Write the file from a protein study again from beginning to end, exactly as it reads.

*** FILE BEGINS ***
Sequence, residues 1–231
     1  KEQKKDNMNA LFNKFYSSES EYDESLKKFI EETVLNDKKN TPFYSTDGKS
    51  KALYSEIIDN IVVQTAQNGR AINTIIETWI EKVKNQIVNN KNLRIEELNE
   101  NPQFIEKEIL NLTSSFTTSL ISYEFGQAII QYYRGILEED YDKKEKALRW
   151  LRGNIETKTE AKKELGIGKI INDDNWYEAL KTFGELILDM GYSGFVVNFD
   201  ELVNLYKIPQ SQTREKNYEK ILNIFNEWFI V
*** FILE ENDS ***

Sequence, residues 1–231
     1  KEQKKDNMNA LFNKFYSSES EYDESLKKFI EETVLNDKKN TPFYSTDGKS
    51  KALYSEIIDN IVVQTAQNGR AINTIIETWI EKVKNQIVNN KNLRIEELNE
   101  NPQFIEKEIL NLTSSFTTSL ISYEFGQAII QYYRGILEED YDKKEKALRW
   151  LRGNIETKTE AKKELGIGKI INDDNWYEAL KTFGELILDM GYSGFVVNFD
   201  ELVNLYKIPQ SQTREKNYEK ILNIFNEWFI V